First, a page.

The other night I commented to my book club about how much literature is still written about the Second World War and the Holocaust in particular. The same is true of movies.
The Zookeeper’s Wife is both a book by Diane Ackerman and now a movie, currently playing in New Zealand cinemas. They tell the true story of a Polish non-Jewish couple, Jan and Antonina Zabinski, who worked with the Resistance during the Nazi occupation. The Zabinkis smuggled over 300 Jews out of the Warsaw Ghetto, hiding them nearby in their house and the zoo where they both worked.
All but two of the Jews the Zabinskis rescued survived the war. The Zabinskis are recognised by Yad Vashem in Israel as Righteous Among the Nations.
Jan was the director of the zoo and an active member of the Underground, who fought during the Warsaw uprising and ultimately became a prisoner of war. While he went out every day to fight, Antonina tended to, nurtured and protected those who sought refuge, and the story is largely hers, based on the diaries she kept.
The zoo (which was bombed and plundered at the start of the occupation) is the focal point of the story, providing shelter to Jews who of course, to the Nazis, were of less value than animals. The contrast between that sanctuary, and the scenes of the oppressive, dehumanising Warsaw ghetto, and of its inhabitants being loaded into cattle trains to meet the fate we know now, but they did not know then, is jarring.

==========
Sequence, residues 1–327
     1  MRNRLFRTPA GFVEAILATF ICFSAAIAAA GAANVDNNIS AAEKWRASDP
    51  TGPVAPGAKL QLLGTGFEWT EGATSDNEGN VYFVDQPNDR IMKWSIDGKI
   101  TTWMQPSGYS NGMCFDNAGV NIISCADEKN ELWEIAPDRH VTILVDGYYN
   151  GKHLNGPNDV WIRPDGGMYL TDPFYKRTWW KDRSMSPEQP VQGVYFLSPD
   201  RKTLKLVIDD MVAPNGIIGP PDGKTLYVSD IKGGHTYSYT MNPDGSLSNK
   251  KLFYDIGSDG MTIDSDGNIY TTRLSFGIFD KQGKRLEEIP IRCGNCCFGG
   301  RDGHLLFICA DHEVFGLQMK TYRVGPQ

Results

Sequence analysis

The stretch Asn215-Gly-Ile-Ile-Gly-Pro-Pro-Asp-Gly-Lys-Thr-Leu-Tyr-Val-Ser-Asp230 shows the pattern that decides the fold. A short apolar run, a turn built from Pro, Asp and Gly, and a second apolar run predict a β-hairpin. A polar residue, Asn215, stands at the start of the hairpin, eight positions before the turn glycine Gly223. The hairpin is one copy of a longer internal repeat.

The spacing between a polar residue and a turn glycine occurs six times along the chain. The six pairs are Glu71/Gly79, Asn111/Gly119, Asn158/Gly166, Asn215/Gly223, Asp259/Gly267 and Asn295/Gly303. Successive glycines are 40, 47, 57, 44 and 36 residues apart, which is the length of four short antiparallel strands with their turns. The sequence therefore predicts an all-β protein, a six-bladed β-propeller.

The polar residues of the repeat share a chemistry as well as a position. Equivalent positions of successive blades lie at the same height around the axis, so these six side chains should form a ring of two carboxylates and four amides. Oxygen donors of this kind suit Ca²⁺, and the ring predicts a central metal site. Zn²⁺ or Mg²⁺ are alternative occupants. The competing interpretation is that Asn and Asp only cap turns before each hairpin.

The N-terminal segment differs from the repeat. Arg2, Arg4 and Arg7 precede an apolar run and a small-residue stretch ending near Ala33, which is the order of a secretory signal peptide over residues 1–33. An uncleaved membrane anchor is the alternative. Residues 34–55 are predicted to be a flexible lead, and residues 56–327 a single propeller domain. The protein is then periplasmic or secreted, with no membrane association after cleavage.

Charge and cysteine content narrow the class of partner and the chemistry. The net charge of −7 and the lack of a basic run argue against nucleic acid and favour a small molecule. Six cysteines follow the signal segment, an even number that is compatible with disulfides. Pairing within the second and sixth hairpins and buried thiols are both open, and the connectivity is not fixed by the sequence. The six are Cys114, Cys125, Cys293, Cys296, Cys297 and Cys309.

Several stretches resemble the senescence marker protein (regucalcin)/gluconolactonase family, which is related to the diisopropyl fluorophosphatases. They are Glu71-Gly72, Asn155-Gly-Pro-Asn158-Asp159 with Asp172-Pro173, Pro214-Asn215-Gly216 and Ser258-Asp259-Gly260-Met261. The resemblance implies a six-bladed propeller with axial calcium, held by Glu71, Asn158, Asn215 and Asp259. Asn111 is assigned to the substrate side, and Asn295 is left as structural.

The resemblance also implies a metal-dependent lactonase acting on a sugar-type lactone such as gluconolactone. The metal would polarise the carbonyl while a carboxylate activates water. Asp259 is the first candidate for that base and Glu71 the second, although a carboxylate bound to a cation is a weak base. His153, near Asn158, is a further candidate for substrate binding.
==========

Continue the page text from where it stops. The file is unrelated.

The movie’s director is New Zealander Niki Caro, whose other directorial credits include Whale Rider. Caro is not Jewish but did go to Kadimah College, now the only Jewish school in New Zealand. She has reported in the past that when the school had Jewish holidays off, she and her brother would go to the movies, because her parents were working and they didn’t have childcare. “Invariably” they would come out of the movies and a policeman would ask them why they were not in school. They would answer “well because it’s Yom Kippur”, the policeman would have no idea what they were talking about, and take them to their father’s office.
In an interview with University of California Santa Barbara student newspaper, Caro was asked about directing the movie as a non-Jew, the importance of portraying the Holocaust authentically, and the challenges of depicting the Warsaw Ghetto.
There are so many Holocaust films seared into my memory. Schindler’s List, Europa Europa, Inglourious Basterds, Defiance, The Pianist, to name a few, each told from a very different perspective, but each gnawing away at me for days after, leaving the what ifs and whys that never really go away. The Zookeeper’s Wife is unique in that the protagonist is both a non-Jewish Pole and female.
No matter how many times I see a Holocaust film or read a book, it never gets any easier. I still wonder at the incalculable cruelty of the Nazis, suffering of the Jews, and bravery of those who risked their lives to save them. I am still left with unanswerable questions, freighted with sorrow and anger. I still carry a heavy heart, but it will always be lightened by thoughts of the righteous like the Zabinskis, the miracles they delivered, and the survival of the Jewish people.
- Juliet Moses is a Jewish New Zealander and Auckland-based lawyer.